Twelve Gates to the Totem, Hallelujah!
Ludwig Zeller

 

  The bronze sculpture is composed of thirteen feminine figures. They form a spiral. The spiral moves counterclockwise. I know of no other sculpture whose movement goes so rigorously against the clock. Clockwise is eyewise in our culture; it is the way we see the flow of energy. This is why engravings, dead to the eye on the copper plate, come alive when reversed on the printed page. Clockwise compels the eye. So this counterclockwise sculpture is a defiant, revolutionary gesture. That it works in the eye is a miracle. Perhaps its movement is entirely feminine, sinister in the most profound sense, sinister in noman’s land.

 

    In any case, these figures spiralling in space represent an inner process. Each is of importance, unique, and whole. They signal isolated fugitives conjoined in a conspiracy of inquiry.

 

    In this bronze sculpture the solid base, the mound, perhaps the ancient burial mound, acts as contrast to the architectonic weaving of figures in the air. The women become a metal arabesque that defies gravity, adopting the communal movement of the spiral as a way of flying.

 

    The whole shows the effects of a concentric and upwards moving force, but there are counter statements within the movement. One figure moves in an opposite direction, another is head down and a third falls backwards as if thrust down and out of the totem.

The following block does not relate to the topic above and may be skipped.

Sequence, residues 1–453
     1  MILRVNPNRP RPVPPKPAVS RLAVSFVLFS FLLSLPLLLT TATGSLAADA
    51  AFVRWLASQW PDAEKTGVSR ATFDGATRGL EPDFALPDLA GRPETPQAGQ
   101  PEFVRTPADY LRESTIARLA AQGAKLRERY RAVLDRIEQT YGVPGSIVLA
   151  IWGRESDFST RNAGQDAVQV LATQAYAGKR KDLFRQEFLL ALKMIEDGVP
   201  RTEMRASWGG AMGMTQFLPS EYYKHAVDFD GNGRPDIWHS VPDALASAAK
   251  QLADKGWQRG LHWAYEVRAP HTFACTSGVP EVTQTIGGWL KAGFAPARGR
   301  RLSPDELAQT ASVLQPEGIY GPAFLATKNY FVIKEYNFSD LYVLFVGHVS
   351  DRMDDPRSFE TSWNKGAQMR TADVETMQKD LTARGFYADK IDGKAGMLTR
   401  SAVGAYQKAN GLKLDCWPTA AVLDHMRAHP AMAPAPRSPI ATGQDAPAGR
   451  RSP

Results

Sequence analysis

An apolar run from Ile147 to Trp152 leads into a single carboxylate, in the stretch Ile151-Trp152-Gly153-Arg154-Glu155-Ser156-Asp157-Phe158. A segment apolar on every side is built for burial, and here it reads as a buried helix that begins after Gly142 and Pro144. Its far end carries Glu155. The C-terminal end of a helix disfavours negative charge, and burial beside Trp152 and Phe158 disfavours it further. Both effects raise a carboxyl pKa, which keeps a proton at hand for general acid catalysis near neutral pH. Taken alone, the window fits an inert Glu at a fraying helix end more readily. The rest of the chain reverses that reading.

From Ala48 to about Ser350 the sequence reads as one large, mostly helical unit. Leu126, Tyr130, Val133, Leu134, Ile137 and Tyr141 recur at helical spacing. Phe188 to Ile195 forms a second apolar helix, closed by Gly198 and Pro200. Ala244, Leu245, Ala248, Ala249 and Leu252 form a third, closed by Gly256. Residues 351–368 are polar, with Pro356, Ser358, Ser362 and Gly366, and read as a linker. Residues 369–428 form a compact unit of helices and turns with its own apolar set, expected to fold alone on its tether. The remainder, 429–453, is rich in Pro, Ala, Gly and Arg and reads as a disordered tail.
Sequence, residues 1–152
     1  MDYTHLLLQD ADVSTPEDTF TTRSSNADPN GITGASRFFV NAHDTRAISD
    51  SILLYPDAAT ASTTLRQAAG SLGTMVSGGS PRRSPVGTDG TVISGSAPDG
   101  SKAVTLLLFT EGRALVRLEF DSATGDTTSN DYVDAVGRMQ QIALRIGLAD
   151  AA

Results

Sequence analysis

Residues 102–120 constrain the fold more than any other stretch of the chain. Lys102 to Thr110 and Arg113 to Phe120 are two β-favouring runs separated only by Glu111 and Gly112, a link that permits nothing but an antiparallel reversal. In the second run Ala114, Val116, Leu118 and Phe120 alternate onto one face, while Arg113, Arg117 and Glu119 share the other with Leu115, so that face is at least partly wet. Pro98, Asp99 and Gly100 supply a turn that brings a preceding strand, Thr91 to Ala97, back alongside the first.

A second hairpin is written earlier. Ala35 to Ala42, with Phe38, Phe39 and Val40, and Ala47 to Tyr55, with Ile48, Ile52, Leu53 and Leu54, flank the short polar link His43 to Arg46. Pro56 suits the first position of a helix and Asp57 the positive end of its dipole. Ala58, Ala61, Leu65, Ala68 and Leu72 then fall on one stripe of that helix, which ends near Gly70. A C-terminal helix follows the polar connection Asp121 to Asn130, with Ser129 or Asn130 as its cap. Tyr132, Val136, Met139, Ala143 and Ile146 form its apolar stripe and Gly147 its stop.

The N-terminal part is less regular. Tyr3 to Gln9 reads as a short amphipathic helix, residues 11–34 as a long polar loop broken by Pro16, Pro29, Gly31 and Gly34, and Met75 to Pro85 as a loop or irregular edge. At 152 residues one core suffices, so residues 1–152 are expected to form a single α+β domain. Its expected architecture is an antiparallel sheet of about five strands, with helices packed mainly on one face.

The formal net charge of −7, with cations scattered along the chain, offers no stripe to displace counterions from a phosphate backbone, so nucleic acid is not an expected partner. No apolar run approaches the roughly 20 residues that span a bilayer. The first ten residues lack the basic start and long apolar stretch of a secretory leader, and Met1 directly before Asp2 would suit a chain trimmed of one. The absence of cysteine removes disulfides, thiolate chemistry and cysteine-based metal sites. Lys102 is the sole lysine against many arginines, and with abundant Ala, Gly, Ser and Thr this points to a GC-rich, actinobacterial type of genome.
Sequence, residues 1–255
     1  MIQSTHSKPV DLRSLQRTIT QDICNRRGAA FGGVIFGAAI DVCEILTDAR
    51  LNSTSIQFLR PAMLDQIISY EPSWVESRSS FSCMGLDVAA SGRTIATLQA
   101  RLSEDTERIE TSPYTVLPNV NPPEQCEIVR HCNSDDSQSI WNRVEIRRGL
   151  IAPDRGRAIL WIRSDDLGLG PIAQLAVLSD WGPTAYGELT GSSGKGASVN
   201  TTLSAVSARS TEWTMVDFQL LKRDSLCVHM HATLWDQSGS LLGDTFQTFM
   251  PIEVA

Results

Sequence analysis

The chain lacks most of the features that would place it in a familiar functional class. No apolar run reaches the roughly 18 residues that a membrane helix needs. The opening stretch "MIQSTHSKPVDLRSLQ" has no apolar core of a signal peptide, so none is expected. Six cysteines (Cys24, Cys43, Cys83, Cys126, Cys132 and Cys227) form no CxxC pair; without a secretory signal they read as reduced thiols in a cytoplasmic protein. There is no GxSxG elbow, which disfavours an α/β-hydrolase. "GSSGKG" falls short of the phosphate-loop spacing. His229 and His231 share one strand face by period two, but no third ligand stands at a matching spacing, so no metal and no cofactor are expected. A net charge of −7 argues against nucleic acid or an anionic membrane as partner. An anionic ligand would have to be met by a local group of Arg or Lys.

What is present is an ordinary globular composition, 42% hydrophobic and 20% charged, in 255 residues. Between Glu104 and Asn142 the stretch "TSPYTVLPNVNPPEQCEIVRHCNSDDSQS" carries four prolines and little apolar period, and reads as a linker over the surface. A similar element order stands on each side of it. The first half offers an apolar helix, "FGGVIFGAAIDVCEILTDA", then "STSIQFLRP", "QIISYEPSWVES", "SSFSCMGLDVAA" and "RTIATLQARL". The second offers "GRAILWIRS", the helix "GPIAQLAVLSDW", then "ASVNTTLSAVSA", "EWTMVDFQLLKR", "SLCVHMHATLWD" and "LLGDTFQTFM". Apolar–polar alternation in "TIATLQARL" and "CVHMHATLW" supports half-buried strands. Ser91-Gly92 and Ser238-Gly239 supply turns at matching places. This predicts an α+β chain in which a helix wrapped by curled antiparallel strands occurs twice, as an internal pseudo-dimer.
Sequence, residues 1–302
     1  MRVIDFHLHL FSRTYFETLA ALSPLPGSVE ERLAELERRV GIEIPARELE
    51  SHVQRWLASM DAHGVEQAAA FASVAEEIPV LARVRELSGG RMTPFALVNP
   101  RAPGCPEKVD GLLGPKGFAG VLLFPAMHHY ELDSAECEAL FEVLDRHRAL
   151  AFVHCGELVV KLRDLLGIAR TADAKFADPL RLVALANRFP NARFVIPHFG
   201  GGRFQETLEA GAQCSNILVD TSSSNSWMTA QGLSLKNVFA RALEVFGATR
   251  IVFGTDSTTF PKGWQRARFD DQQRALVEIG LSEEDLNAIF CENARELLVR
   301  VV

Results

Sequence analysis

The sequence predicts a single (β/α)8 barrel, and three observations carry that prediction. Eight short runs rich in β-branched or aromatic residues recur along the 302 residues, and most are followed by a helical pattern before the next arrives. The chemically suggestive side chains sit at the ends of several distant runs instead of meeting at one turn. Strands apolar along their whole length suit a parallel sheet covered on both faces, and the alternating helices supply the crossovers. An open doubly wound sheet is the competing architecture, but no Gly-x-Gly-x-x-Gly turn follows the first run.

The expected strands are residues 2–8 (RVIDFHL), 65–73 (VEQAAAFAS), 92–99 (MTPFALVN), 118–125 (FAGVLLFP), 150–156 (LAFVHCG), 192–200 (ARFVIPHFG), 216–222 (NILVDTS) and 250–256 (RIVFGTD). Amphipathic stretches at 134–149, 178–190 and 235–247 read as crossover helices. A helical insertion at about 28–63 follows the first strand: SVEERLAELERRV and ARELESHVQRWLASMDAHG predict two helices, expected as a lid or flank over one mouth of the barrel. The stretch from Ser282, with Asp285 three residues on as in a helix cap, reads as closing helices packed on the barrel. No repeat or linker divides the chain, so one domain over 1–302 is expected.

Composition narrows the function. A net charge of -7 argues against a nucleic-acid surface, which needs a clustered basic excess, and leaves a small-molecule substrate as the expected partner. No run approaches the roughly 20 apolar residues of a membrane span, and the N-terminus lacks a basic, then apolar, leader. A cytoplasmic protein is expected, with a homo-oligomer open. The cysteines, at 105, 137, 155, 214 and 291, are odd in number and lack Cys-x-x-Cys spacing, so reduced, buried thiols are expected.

The totem, seen from above, is a whirlpool of figures on the verge of abandoning their bodies, their corporality. This is a noman’s land in every sense. From above, the crucified woman seems to fall back into the core of the spiral, absorbed, absolved, snatched from death, a life saved through the art of communal offering. The spiral of women becomes a completely revolutionary act. For the first time, women, who have always been figures of earth and water, are figures of air and fire. Suspending disbelief they have seized the male domain, moving counter to time, fixing themselves in the ardor of flight, losing themselves in the inquiring flame, finding redemption in the milk of the almond tree.

 

© 2015 Claire Weissman Wilks